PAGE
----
It is commonly believed that the Ten Commandments are part of the ritualistic law, and that they lasted only until Christ. But here is the rest of the story.
God's Ten Commandments are the divine law and standard that regulate human conduct. As our world testifies, they are still very much needed today!
We live in a world based on the "get" principle; everyone is out to acquire as much as possible for himself. The tenth commandment, however, is intended to govern this proclivity of human nature, striking at man's heart. John Ritenbaugh exposes the essence. . .
The Tenth Commandment: You Shall Not Covet
John Ritenbaugh, giving three paraphrases of coveting, observes that coveting begins as a desire emanating from both without and within. The breaking of every other commandment emanates from the breaking of this commandment. Our nation's current economic w. . .
A biblical survey of coveting: what it is, what it produces and what a Christian should be doing.
Many Protestant denominations teach that God's law is done away. Earl Henn proves that II Corinthians 3:7 does not support this.
Observing the Sabbath day is a vital key that this world's Christianity has lost. It opens up whole vistas of God's way and purpose!
John Ritenbaugh, reiterating the apostle Paul's warning in Romans 1:28, affirms that when mankind turns its back on God Almighty, God allows man to degenerate into carnality, acquiring a reprobate mind. A reprobate mind is totally devoid of proper judgment. . .
God, not man, created, sanctified and memorialized the seventh day Sabbath from the time of creation, intending that man use this holy time to worship God.
John Ritenbaugh reminds us that the Sabbath is a memorial to the awesome creative power of Almighty God, a period of time God purposefully sanctified and set apart for the benefit of mankind, a time God shifted His creative effort onto an even more awesome. . .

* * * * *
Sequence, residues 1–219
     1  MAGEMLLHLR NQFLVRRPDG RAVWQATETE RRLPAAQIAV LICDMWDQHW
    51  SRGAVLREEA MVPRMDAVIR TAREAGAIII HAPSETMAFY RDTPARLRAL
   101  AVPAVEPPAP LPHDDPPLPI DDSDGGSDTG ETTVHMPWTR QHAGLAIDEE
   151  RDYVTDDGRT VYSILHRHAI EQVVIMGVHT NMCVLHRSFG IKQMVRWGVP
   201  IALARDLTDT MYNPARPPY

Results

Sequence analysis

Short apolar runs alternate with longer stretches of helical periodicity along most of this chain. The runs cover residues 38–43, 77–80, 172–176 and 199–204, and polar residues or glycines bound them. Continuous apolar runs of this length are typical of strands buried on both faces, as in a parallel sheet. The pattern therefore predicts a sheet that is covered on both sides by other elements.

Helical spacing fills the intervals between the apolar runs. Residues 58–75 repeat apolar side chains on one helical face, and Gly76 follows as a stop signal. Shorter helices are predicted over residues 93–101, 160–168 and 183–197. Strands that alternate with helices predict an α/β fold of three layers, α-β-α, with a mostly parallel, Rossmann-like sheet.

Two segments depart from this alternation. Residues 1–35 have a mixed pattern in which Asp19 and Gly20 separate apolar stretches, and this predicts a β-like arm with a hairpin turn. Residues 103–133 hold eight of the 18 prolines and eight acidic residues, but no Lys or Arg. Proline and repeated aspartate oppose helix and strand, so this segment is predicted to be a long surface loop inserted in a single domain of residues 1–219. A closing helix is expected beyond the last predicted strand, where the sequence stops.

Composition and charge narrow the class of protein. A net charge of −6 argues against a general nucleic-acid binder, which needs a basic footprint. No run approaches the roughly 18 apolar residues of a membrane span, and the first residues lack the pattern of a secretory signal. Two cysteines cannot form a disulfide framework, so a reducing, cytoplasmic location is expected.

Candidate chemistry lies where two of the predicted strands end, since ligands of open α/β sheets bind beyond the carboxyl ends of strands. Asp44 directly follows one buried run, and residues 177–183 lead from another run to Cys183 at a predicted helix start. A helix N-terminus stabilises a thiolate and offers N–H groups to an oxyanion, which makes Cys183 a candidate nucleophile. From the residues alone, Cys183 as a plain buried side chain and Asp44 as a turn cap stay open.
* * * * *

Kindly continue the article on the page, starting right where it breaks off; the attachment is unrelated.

At creation, God sanctified only one day, the seventh, as a day of rest. At Sinai, He once again sanctified it as a holy day, connecting it with creation and freedom. John Ritenbaugh expands on these concepts, showing that God wants us to keep the Sabbath . . .
The first commandment reveals our first priority in every area of life: God. Anything we place ahead of Him becomes an idol!
John Ritenbaugh again emphasizes the burden-relieving, liberating and redemptive aspect of the Sabbath, suggesting that the seemingly provocative healings that Jesus performed on the Sabbath stood in stark contrast to the oppressive bondage of the Pharisee. . .
The Sabbath is a special creation, a very specific period of holy time given to all of mankind, reminding us that God created and is continuing to create.
John Ritenbaugh reiterates that God gave the Sabbath (a sanctified, set-apart period of recurring time) to His people in order that they come to know Him intimately, learning to live as He lives. Idolatry, scattering, and captivity have always been the nat. . .
The fourth commandment is the one that most people think is least important, but in reality it may be one of the most important! John Ritenbaugh explains the Sabbath commandment and its vital teaching.
A Bible study on idolatry, concentrating on the subject of the second commandment: the way we worship.
Focusing on material and temporal things undermines faith. The Sabbath is holy time, created for building faith, energizing our minds for fellowship with God.
Most are not aware that in the Gospels, questions about the Sabbath center on how to keep it, not whether it should be kept. John Ritenbaugh explains how Jesus approached the Sabbath as an example to us.
The reason for refraining from many activities on the Sabbath is not labor or energy, but the overall motivation. Certain works are perfect for the Sabbath.
John Ritenbaugh asserts that the two major purposes for the Sabbath are to (1) remind us that God is Creator and (2) to remind us that we were once in abject bondage and slavery to sin. Christ, in His role of Law magnifier (Isaiah 42:21) magnified the spir. . .
Jesus magnified the Sabbath, giving principles by which to judge our activities. Each time Jesus taught about the Sabbath, He emphasized some form of redemption.
Most people consider the second commandment to deal with making or falling down before a pagan idol, but it has far greater scope. John Ritenbaugh shows that it covers all aspects of the way we worship, including setting ourselves up in God's place by beco. . .
The Ten Commandments open with the most important, the one that puts our relationship with God in its proper perspective. John Ritenbaugh explains this simple but vital command.
John Ritenbaugh warns that benign neglect of the Sabbath covenant can incrementally lead us into idolatry, as it apparently led Solomon into idolatry. We are admonished to respect or treat this holy time as different from the other days of the week, forsak. . .